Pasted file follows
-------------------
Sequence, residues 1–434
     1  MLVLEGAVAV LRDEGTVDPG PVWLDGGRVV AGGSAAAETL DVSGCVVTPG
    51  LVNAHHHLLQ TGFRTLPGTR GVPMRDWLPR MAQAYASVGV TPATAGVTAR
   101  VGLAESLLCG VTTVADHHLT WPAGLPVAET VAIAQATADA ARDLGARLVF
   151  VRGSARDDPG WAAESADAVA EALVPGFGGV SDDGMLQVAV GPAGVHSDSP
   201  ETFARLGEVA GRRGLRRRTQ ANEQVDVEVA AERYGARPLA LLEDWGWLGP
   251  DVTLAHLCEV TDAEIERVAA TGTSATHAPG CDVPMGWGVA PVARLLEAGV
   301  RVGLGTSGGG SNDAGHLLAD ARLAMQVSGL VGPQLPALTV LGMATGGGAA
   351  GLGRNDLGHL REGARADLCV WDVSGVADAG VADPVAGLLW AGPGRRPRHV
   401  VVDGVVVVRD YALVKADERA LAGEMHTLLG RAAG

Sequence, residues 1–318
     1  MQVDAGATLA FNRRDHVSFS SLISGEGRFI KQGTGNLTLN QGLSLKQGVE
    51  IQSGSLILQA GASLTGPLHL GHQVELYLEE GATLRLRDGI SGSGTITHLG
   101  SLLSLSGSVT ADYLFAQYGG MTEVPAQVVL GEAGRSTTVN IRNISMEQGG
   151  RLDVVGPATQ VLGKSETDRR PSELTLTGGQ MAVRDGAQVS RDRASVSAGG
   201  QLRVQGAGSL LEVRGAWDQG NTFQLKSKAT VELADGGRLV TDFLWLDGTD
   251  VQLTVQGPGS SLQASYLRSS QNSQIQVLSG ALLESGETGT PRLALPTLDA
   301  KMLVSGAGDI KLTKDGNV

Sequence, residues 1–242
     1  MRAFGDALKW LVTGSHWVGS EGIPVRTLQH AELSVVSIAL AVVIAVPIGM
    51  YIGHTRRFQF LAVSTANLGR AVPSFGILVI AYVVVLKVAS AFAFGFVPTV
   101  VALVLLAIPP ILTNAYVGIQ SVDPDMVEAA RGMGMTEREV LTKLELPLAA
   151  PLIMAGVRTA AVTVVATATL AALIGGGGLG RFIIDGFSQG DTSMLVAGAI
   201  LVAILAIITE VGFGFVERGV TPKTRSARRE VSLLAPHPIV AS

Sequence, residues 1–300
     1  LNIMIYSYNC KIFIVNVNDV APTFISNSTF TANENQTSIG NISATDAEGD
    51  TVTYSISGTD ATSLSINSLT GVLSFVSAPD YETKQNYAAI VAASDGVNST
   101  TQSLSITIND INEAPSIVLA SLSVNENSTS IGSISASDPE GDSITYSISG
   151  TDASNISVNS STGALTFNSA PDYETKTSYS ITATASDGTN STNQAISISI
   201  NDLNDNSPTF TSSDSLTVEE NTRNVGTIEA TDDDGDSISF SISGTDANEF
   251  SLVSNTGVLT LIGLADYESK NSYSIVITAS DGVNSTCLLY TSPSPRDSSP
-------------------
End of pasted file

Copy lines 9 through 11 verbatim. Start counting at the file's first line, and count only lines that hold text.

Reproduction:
   351  GLGRNDLGHL REGARADLCV WDVSGVADAG VADPVAGLLW AGPGRRPRHV
   401  VVDGVVVVRD YALVKADERA LAGEMHTLLG RAAG

Sequence, residues 1–318